Therefore in answer to your question Dave Harvey, NO it is not an oxymoron to describe such persons as “legitimate tax exempt individuals”. Such individuals are indeed legitimate because they legally meet the conditions for tax exemption under the law of their (onshore) jurisdiction.

        In fact it would therefore be hypocritical for onshore jurisdictions to criticise their nationals for using offshore jurisdictions to conduct transactions when such usages and transactions are entirely legal within the four corners of the onshore jurisdiction’s own tax code.

        In fact for any onshore jurisdiction which has a Constitution that guarantees “equal treatment under the law” or something similar, it could be argued that if that onshore jurisdiction harasses its nationals who are conducting their transaction and utilising tax exemptions that are contained within their law, that jurisdiction would be behaving in violation of its own Constitution!

    • The Troed and Proven says:

      We are not a bloody tax haven, Cameron understood that and other sensible souls do as well. The Cayman Islands need to once and for all enact laws with penalties in the millions for any entity registered in this jurisdiction that becomes involved in any of fence which demonstrates aiding and abetting using of Cayman as a tax haven. Clear and simple, this will send the appropriate message, worldwide. Added to this and it has been said countless of times; there needs to be an extensive Ongoing PR process that speaks to our compliance with and our shown d sire to be in line with equitable standards of process and reporting, and transparent governance in the jurisdiction. Finally, there should be negotiated agreements which cover cayman obtaining a percentage of fines charged to entitities where we have cooperated in assisting bringing tax evaders and other types of fraudsters to justice.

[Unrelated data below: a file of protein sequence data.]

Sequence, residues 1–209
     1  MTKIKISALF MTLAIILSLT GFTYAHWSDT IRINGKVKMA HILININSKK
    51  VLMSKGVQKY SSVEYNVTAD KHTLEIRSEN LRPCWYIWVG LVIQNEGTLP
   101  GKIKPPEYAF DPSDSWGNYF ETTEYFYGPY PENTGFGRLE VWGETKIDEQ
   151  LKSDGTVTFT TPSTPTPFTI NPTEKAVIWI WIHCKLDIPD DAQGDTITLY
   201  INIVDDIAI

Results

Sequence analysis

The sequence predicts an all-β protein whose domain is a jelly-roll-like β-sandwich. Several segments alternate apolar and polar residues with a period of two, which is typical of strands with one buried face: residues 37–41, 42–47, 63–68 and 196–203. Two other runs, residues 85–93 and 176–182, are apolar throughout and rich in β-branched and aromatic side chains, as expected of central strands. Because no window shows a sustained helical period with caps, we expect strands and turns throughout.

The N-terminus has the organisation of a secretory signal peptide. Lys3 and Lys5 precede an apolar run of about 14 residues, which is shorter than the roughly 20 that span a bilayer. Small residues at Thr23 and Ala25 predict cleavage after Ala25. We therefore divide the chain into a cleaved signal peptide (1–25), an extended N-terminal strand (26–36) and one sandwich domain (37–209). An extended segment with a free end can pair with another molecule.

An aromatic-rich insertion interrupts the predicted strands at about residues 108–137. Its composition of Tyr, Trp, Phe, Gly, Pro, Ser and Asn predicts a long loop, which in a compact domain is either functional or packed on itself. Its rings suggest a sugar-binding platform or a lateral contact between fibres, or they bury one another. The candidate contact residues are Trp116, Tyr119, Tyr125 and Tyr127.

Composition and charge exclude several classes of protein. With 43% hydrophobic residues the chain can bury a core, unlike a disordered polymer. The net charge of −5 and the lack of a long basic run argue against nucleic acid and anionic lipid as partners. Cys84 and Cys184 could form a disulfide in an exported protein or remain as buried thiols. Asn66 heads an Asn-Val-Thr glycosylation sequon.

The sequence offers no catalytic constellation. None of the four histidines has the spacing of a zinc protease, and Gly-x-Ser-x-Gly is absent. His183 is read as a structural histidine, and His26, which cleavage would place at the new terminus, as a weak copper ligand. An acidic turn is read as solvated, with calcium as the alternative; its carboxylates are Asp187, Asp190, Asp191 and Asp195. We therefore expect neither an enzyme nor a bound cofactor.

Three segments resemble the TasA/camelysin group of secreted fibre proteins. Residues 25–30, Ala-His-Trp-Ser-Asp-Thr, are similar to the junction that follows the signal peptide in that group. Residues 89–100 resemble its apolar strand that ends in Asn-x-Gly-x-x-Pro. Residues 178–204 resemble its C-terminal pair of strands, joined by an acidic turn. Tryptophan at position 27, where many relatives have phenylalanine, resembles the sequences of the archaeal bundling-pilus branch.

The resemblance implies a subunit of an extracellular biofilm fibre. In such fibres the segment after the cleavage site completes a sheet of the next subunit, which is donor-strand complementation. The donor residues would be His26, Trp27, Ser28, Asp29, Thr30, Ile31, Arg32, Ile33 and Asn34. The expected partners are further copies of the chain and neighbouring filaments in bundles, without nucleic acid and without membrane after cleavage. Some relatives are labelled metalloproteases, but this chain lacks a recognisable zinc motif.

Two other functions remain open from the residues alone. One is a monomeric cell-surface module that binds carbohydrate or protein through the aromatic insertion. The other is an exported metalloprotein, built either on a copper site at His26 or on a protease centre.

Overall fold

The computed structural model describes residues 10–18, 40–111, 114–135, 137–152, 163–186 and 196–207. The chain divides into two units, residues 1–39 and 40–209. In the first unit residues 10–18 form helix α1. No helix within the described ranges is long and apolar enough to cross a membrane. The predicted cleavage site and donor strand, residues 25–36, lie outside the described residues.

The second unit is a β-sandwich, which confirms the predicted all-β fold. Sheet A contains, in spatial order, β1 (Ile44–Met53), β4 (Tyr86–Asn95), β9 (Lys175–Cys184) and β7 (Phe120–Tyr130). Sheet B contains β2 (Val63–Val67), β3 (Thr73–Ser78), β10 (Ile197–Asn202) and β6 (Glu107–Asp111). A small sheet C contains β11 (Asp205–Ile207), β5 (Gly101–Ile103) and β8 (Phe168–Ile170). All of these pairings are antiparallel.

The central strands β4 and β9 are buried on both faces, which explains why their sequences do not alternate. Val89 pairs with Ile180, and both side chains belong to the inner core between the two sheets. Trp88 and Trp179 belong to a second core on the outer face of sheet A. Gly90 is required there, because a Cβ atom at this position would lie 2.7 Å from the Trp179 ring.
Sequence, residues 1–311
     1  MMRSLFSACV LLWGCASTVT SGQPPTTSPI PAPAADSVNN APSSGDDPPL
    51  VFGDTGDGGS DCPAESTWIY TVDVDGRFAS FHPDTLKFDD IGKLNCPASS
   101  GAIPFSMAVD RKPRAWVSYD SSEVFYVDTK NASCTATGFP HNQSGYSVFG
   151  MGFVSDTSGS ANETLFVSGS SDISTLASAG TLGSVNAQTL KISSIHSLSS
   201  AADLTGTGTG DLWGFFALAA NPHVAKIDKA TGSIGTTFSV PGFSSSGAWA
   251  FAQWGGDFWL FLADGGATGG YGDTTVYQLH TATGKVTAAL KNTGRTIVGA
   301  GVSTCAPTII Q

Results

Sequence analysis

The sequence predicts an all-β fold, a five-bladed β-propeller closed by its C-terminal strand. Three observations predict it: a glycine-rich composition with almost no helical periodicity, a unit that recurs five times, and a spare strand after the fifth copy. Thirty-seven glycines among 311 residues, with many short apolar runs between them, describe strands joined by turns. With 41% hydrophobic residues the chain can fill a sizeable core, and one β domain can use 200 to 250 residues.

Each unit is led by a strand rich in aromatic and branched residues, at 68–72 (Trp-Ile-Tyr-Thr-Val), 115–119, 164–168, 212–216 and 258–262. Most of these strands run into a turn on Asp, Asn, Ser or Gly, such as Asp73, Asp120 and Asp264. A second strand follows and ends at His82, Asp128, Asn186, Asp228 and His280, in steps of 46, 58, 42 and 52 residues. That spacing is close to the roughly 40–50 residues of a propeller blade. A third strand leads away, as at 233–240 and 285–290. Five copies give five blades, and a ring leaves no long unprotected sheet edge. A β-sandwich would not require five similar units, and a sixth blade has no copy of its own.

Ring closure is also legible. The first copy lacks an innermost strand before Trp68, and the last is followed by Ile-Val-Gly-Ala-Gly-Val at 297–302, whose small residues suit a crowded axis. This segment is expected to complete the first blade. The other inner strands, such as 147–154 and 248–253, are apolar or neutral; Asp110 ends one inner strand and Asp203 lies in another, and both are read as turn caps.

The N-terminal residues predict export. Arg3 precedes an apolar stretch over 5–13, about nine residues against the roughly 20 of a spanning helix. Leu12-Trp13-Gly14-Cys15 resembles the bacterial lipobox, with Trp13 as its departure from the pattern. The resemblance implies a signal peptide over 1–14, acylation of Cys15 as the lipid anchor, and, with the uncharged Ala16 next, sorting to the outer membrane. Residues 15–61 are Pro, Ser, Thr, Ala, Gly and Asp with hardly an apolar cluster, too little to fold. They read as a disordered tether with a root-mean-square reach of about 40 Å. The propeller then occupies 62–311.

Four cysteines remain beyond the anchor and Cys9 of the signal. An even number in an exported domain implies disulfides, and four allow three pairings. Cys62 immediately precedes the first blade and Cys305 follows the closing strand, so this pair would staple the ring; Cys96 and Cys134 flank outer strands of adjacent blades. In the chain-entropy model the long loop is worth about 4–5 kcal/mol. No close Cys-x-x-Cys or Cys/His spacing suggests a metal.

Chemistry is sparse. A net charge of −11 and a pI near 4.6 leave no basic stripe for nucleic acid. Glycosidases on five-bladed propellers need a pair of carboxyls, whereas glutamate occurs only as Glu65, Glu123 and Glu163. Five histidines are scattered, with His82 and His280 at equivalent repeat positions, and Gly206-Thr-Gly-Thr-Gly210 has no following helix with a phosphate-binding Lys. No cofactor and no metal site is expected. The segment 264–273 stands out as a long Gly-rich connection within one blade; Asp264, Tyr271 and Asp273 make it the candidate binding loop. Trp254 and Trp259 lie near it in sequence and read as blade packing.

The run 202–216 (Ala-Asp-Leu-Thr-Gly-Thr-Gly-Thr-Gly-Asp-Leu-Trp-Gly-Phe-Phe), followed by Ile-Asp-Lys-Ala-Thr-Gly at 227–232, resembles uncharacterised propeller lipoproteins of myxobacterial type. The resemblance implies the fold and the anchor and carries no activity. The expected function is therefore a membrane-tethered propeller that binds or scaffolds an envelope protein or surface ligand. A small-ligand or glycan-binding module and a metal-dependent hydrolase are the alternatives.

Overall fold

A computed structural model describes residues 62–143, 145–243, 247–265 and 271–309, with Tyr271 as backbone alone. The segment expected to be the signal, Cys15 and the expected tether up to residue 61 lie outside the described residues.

Who don’t like what I have said can just lump it.?

  6. Anonymous says:

    Offshore holding entities of onshore operating commercial entities is such a small part of the Cayman financial economy. This just attracts comparatively small fees for some of the law firms.

    Cayman’s financial economy is rooted in the investment funds industry. This is the largest revenue generator, by far, for the law firms. For the accounting firms, this is perhaps 90% of revenues. For the hundreds of directors in business on the island, almost all act for investment funds.

    • Ian Boxall JP says:

      Before Theresa May gets too excited about her directive to the UK civil servants who read the Guardian newspaper on the way to work, can someone find a way of getting her a copy of Tony Travers’ recent conference presentation, which gives a superb rebuttal of a speaker from the BBC slagging off our financial industry? For those who would like to see this, it has been recorded on YouTube at “Media Portrayal of the Offshore World – Anthony Travers speaks”.
      Good job Tony, we need more of this.

      CNS: You seem to have missed this on this site Travers takes aim at ‘delusional thinking’ on offshore finance

Leave a Reply to pproved? Cancel reply

This site uses Akismet to reduce spam. Learn how your comment data is processed.